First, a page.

Kinnikinnick school board keeps teacher contract under wraps
The taxpayers footing the bill will be left in the dark until after the contract is finalized.
The board of Kinnikinnick School District 131, located in Roscoe, Illinois, announced on Feb. 20 it had reached a tentative five-year contract with its teachers union.
The union’s membership is expected to vote on the agreement today, while the school board is slated to follow suit on Tuesday, Feb. 24.
Until its approval, the contract will be kept under wraps. This means the taxpayers footing the bill will be left in the dark until after the contract is finalized.
This is significant because teacher salaries in Kinnikinnick amount to about $8 million a year, or 45 percent of the district’s budget.
A property taxpayer with a $100,000 home in Roscoe paid $3,284 in property taxes last year. More than $500 of that was spent on teacher salaries in Kinnikinnick.
Despite the enormity of this expense, taxpayers are barred from knowing about the contract’s terms until it’s too late.
Tonya White, the school board’s vice president, said the contract is not a matter of public record.
But the Freedom of Information Act states that “all records relating to the obligation, receipt and use of public funds” belonging to state and local governments are subject to public inspection.
This provision certainly applies to union contracts, which obligate a good chunk of public money.
Kinnikinnick school-board member Chelsea Benson said she is new to the process, but that her instinct was that the board should let the public see the contract beforehand.
“I would fully support if there was a way to open it up,” she said. “I think everyone’s cards should be on the table.”
In a Feb. 23 email to the Illinois Policy Institute, Kinnikinnick Superintendent Keli Freedlund said the contract’s concepts are being translated into language.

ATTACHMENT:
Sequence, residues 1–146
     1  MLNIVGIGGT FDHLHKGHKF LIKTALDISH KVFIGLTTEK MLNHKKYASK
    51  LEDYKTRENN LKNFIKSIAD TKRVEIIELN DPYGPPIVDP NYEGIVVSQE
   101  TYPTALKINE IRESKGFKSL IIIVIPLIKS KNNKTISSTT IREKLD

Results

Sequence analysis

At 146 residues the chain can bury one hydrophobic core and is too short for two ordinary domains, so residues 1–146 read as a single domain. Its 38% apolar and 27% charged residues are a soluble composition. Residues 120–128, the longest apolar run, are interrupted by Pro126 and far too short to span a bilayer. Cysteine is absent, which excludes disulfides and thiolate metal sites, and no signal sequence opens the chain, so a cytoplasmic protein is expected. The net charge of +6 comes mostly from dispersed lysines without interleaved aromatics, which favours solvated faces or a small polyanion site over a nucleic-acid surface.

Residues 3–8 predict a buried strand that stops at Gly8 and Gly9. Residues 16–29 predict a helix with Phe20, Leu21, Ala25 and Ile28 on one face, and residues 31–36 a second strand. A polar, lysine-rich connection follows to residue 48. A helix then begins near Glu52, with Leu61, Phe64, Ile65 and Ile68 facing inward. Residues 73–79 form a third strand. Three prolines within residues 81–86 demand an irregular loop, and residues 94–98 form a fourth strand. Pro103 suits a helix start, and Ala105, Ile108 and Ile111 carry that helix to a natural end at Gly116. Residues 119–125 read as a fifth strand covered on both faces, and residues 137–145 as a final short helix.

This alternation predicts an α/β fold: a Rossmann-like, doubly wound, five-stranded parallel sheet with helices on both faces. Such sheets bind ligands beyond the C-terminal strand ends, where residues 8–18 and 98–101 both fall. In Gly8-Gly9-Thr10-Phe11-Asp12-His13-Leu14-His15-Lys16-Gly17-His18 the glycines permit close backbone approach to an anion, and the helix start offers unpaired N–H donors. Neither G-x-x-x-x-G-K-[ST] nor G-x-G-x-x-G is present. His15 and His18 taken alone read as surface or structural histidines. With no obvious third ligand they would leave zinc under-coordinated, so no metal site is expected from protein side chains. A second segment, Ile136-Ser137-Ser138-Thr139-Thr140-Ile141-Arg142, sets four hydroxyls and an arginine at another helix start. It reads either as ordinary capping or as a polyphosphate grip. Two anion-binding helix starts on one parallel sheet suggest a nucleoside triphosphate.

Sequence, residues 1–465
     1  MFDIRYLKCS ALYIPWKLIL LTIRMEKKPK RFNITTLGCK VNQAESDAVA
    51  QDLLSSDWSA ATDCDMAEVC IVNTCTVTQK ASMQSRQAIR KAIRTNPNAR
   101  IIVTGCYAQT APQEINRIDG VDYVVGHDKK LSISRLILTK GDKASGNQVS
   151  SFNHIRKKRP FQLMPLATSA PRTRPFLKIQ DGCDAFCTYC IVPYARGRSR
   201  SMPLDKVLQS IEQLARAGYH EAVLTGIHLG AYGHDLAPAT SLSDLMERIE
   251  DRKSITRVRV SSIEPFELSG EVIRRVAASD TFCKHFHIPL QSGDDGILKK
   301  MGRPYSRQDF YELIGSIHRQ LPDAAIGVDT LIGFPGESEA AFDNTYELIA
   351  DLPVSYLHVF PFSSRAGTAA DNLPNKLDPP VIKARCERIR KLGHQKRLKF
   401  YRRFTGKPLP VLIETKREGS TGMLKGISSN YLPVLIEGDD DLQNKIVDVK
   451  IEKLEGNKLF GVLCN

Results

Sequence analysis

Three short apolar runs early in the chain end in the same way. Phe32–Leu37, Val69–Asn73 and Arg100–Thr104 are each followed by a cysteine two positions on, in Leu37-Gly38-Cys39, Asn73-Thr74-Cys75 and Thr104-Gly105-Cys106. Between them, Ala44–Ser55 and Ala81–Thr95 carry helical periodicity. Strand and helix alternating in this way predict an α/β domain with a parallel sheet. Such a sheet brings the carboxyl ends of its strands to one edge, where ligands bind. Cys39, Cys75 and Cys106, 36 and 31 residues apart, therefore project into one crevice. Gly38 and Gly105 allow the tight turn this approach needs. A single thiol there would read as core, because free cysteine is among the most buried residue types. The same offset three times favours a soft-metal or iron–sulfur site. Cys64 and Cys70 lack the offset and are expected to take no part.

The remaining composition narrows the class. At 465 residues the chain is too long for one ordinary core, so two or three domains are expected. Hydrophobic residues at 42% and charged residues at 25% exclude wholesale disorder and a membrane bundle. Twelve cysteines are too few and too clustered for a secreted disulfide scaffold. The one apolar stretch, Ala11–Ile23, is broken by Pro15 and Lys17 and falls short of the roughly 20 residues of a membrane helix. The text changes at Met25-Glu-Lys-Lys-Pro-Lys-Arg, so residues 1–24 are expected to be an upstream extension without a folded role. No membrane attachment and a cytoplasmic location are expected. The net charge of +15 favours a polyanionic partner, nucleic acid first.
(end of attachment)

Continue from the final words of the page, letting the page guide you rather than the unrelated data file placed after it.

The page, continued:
“Even though we have tentatively agreed, I have been in contact with the union and the board committees several times to clarify the parties’ intent,” she wrote. “The parties have agreed to wait for all language to be produced and all clarifications made prior to public release.”
Certainly, the board and union will vote on an actual document, not a series of concepts. This begs the question: Why is there such a hurry to pass a document that likely involves spending more than $40 million over five years?
To be fair, Kinnikinnick is not alone in this secrecy. It is a statewide tradition.
Earlier this month, Bloomington School District 87 reached a tentative deal with its teachers and kept its contract under wraps until the board approved it nearly two weeks later.
Two years ago, state Rep. Jeanne Ives, R-Wheaton, introduced House Bill 2689, which would require tentative contracts between public bodies and unions be posted online for at least 14 days before a vote. After that, a public hearing would be held before a contract could be approved.
That bill has gone nowhere.
Under current law, unions and districts are already required to file their final offers with the Illinois Educational Labor Relations Board, which then posts them online. In Kinnikinnick, the two sides did just that.
Given the relative transparency in the bargaining process, it makes little sense that the final product is considered secret by the Kinnikinnick school board. Why not take another step toward greater transparency for those who pay the bills?